“We have a very strong core team and on our opening trial night we got a great compliment – one person said , ‘It feels like it has been running for years.’ That is down to the fact that the team Lily, Tom, David and the supervisors, have been working on this project for months.

I caught up with John the day after the first opening and as the team came in to work, Lily, Tom and David. Each and every one was grinning from ear to ear. They may have been slightly tired, but every one was buoyed up by the success of the previous night. John said, “That didn’t happen because we got lucky. Lily interviewed 17 staff initially and then a further 10 and the staff she took on had three days of intensive training before the soft openings.”

The team certainly pulled it off and it t was actually a privilege to be there when they came in for their shift and greeted each other, because you could just see how much the success of the previous night meant to them all.

Said Lily, “Having a good team is everything. The core team here is built on friendship and we all get what we are trying to do and we are all loosely connected in some way. I think it also helps that we are all a bit older and have been in hospitality a long time.

“During the pandemic loads of people in hospitality reconsidered their career. Because we were targetted, and had to close, the security of the job disappeared. In a way though it has been a positive because employers across the board have had to look at how they are treating staff and their pay. John and Lynn didn’t need a pandemic to do that – they already had that ethos, which is why we retain staff, and why people want to come and work with us.”

Said John, “The team – David and Tom, Lily here and Nancy Simpson at the wee Shakk, reinforce the opportunities there are in hospitality. There is a lot of money coming across the counter, it is a serious business and I think people shouldn’t underestimate what a great quality work opportunity it is compared to working in many other work environments.

“I am an architect, but I believe nothing can beat the experience of hospitality. You can work with great pals and no day is the same, and you can have great craic and share the ups and downs of a busy night. Here I am in my mid-60’s and I realise the workplace basically spins your life out. It makes other things possible ,and a happy workplace gets people engaged, and it is a good thing when you can’t wait to get to work. That is everything.”

Certainly the team at the Crabshakk are genuinely enthused. Says Lily, “We manage to retain staff and we get quality staff because they are looked after, and are part of the family and that is down to John and Lynn.”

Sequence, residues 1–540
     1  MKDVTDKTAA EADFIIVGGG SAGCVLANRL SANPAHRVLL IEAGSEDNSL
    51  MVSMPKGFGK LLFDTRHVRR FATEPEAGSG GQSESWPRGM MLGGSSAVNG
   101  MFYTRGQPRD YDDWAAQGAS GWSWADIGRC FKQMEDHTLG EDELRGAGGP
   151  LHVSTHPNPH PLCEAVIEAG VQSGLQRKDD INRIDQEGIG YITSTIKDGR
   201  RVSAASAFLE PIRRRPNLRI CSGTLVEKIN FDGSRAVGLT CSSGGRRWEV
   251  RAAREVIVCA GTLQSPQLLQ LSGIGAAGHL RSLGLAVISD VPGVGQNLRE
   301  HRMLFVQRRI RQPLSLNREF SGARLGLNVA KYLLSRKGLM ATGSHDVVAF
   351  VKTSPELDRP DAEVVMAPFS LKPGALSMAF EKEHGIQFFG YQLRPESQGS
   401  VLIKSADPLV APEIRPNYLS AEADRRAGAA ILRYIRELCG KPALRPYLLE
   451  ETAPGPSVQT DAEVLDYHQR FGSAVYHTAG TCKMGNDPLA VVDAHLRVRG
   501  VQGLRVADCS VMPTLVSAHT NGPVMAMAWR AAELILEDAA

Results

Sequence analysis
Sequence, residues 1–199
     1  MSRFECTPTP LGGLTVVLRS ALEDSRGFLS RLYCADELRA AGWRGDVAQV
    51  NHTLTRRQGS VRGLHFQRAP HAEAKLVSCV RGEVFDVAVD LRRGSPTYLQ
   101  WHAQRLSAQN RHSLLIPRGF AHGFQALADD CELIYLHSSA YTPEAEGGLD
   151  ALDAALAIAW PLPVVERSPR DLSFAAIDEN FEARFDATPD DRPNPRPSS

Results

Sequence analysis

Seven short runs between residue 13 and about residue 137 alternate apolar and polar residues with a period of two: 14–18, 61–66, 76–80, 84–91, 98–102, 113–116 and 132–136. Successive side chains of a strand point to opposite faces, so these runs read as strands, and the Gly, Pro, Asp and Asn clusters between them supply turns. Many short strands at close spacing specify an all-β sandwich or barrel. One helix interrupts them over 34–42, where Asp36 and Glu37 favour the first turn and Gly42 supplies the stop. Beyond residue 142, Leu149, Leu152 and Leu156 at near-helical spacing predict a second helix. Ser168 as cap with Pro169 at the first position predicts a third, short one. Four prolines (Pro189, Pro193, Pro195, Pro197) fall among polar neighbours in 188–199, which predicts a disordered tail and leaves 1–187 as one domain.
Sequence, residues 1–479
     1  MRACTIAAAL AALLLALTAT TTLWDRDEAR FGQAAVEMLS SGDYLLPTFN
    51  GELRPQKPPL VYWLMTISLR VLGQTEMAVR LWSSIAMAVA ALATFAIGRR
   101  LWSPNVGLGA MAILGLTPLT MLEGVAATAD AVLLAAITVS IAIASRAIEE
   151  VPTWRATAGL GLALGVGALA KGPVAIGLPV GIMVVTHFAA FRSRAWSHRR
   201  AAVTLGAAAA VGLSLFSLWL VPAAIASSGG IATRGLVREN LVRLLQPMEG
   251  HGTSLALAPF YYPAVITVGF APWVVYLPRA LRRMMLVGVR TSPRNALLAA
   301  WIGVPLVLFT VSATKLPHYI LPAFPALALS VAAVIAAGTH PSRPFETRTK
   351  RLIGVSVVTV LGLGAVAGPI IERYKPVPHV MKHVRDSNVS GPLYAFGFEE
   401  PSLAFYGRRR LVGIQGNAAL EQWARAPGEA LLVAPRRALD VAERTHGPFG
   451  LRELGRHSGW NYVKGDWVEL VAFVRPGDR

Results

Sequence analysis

She added, “I have been part of opening restaurants before but not from a shell. It was great to work through the process and to be able to work with John. We wanted to create a space that would work for service, and it does. If you could have seen it last night – it was just buzzing and so smooth. That’s what we wanted to achieve.”

Head Chef David also arrived during our chat. He too was smiling. John teased him, “I don’t know why you have been so worried for the past six months.” David smiled, “I know. It went so smoothly but when you have this to work with it is just great and the fact that the kitchen is the size of the wee Crabshakk is also amazing. The pressure was delivering when you have given us so much. I wanted to show you that it was worth it.”

David has also extended the menu slightly from the wee Shakk, he says, “There are a few additions to the menu here. We have added Lobster Risotto and Lobster Thermidor, we didn’t have this on the menu before but people always asked for it, and we have promoted Lemon Sole off the specials menu after 13 years! We also have a wee section that is non-fish and a vegan section too.”

The ‘big’ Shakk has 100 covers, a long pewter bar where you can sit at, a south facing front room, and a back area, seating 80, which has more of a moody restaurant feel.

John collaborated on the design with Jim Hamilton of Graven. Says John, “He is my kind of guy. Both of us have spent a lot of time travelling and we have done our fair share of sitting scribbling ideas on pads in bars and restaurants. He was very respectful, and very encouraging, very empathetic to what I wanted to do.” (See design feature for more).

As to the future, John smiles, “I always expect us to have a share of Crabshakk Finnieston and the Botanics but we will now see how all this develops. But Lynn and I will still be coming in even when we have zimmers! I would hope that people think we have done a good job at establishing two really good fish restaurants. I just want people to say ‘if you are in Glasgow pop into the Crabshakk and when you are there you will have a great time!’

They certainly will. I can vouch for that.

Category: Editors' Picks, Interviews
Tags: John MacLeod, Lily Brown, Rita McGurn, The Crabshakk